We are still working to develop a specific case definition of PASC, but most studies describe patients with symptoms including fatigue, headaches, joint pain, muscle aches and shortness of breath lasting months or longer after resolution of the acute infection. Some patients also seem to have long-term damage to the heart, lungs or other organs, which can lead to cognitive issues such as “brain fog,” depression, anxiety and issues with sleep. Up to one-third of COVID patients may still suffer from symptoms months after their initial infection, even if their symptoms were mild.
What do we know about how PASC works?
Currently there are numerous competing theories for how the SARS-CoV-2 virus may cause long-term symptoms. PASC may be a hit-and-run infection, potentially triggering inflammation that could do damage, or it could cause direct damage to tissues due to replication of the virus in targeted organs. It’s possible the virus may linger in reservoirs within the body, but there has been no prior documentation of persistent infection of the host by human coronaviruses, so this remains unproven.
What can I do if I think I have it?
This is also an ongoing area of study. A number of clinics have been established to work with patients diagnosed with PASC, but there are no specific treatments for the condition as a whole. Most approaches currently focus on managing symptoms and eliminating other conditions that may exacerbate the illness (such as anemia, pneumonia or cardiac conditions). There is some evidence that vaccination may help reduce symptoms, but we need additional studies to confirm that finding.
How hard is it linking sequelae to their original diseases?
Normally it’s difficult work, but the nature of the pandemic has actually made it easier for PASC.
In a typical setting (that is, not during an epidemic), a major limitation to making a causal link between a particular infection and a long-term sequel is our limited use of diagnostics. With PASC, we know that many individuals who suffer from issues after the resolution of acute symptoms had only a mild experience with COVID. If we weren’t in a pandemic, medical providers might not even have thought much of such symptoms, brushing them off as “just a cold” or a stomach bug.
Indeed, many of the other agents that are thought to cause long-term sequelae have similar nonspecific symptoms (fever, malaise or “feeling bad,” cough, nausea), or no outright symptoms at all. While some molecular types of HPV can cause genital warts, the oncogenic types rarely cause any symptoms. Most people only learn they are infected when a pap smear comes back positive for viral DNA. But in an epidemic, with testing more readily available and millions being carefully watched for the first sign of a fever or cough, commonalities are easier to spot, and recognition of the initial illness is more likely.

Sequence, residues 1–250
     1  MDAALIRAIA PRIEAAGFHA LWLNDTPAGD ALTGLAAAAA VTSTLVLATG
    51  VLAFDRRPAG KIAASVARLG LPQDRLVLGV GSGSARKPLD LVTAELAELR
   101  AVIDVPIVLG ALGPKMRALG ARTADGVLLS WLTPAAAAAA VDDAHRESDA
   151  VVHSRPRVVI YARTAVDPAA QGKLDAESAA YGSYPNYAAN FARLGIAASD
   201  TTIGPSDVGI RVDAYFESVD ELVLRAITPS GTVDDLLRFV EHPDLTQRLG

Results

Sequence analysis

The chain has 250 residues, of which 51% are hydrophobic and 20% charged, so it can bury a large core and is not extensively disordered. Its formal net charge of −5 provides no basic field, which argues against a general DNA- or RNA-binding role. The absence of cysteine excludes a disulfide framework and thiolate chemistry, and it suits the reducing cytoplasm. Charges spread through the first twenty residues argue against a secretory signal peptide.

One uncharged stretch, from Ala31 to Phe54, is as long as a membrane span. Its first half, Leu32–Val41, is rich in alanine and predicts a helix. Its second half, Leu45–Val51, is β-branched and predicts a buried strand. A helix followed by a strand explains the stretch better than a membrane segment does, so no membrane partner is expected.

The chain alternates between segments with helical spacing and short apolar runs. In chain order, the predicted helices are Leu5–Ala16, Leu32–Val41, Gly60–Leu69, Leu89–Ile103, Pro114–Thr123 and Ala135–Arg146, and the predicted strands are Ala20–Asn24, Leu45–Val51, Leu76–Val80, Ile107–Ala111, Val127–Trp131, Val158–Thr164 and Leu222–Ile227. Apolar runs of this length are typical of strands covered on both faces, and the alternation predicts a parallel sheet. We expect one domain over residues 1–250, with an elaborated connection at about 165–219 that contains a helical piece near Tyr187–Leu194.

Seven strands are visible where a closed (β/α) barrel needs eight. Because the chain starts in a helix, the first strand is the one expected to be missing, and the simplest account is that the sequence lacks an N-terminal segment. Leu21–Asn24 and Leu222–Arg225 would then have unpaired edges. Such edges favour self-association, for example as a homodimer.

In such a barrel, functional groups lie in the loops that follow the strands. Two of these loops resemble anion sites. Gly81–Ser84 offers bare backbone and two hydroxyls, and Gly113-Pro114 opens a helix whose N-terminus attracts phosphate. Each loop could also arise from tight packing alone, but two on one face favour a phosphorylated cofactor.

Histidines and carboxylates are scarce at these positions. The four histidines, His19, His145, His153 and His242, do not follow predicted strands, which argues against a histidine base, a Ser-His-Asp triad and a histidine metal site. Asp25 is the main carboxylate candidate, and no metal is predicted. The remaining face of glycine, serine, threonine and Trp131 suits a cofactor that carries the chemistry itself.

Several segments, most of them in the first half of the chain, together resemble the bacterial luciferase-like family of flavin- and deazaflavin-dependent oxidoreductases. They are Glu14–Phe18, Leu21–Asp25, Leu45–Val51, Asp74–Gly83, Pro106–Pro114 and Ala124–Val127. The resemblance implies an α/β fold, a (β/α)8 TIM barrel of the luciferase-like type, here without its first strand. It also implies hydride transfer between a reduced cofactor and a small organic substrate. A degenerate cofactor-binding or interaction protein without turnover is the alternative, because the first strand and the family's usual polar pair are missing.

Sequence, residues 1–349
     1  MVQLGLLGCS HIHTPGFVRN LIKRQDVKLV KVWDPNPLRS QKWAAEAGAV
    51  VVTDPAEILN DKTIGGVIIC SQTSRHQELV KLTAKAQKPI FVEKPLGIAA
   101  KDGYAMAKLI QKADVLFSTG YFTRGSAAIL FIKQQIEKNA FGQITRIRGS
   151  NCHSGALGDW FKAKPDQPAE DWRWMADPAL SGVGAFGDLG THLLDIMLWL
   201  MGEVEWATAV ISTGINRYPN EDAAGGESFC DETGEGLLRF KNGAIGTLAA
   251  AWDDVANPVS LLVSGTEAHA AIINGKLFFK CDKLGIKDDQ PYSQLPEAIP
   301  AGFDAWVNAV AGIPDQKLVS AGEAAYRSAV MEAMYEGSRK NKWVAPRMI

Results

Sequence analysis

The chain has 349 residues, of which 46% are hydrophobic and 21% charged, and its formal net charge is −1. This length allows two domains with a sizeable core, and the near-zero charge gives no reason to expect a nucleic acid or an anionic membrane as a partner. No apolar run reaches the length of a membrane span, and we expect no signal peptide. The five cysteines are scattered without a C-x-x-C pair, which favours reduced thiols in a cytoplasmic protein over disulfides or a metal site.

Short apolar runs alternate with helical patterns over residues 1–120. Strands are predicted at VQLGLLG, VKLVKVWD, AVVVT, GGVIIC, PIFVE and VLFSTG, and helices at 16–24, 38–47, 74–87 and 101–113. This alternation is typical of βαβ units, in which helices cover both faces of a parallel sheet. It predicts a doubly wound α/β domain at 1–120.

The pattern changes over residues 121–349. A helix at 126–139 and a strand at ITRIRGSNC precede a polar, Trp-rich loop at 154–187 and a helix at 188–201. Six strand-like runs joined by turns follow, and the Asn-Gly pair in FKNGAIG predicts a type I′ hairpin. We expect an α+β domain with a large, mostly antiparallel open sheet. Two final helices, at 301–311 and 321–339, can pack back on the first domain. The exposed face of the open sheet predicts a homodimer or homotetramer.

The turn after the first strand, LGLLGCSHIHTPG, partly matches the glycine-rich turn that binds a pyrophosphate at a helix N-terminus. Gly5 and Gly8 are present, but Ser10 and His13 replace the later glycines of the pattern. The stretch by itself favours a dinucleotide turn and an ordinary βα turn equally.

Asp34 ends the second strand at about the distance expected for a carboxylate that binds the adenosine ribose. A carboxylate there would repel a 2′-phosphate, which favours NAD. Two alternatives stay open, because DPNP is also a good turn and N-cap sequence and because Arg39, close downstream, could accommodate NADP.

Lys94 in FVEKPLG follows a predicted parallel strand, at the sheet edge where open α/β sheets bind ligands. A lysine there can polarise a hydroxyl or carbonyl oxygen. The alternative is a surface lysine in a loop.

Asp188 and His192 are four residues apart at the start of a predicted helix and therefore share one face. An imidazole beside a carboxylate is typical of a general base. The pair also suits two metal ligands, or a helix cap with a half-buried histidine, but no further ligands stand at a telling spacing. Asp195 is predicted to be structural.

And while we may miss the post-infectious sequelae of endemic infections, we can also see the reverse: Many diseases with a proposed infectious origin still lack a definitive causal agent. Type 1 diabetes, for example, has long been suspected to have a viral trigger, with a family of viruses known as enteroviruses being a key possibility.
Can a given set of symptoms have more than one cause?
Unfortunately, yes. Many symptoms of long COVID are similar to those of myalgic encephalomyelitis/chronic fatigue syndrome: headaches, fatigue, “brain fog” and other cognitive issues; muscle and joint pain; depression and anxiety; and sleep disorders. It’s quite possible that a host of different infectious agents may produce a similar constellation of symptoms, making the determination of a definitive origin nearly impossible in the absence of an outbreak setting.
But for COVID at least, the answers are coming in. Over 60 clinics have opened throughout the country to treat and study PASC patients, and the National Institutes of Health has received over $1 billion to study the condition. And by elucidating the mechanisms by which SARS-CoV-2 may cause long-term damage, we hope not just to better treat PASC itself, but to improve our understanding of some of these other diseases as well.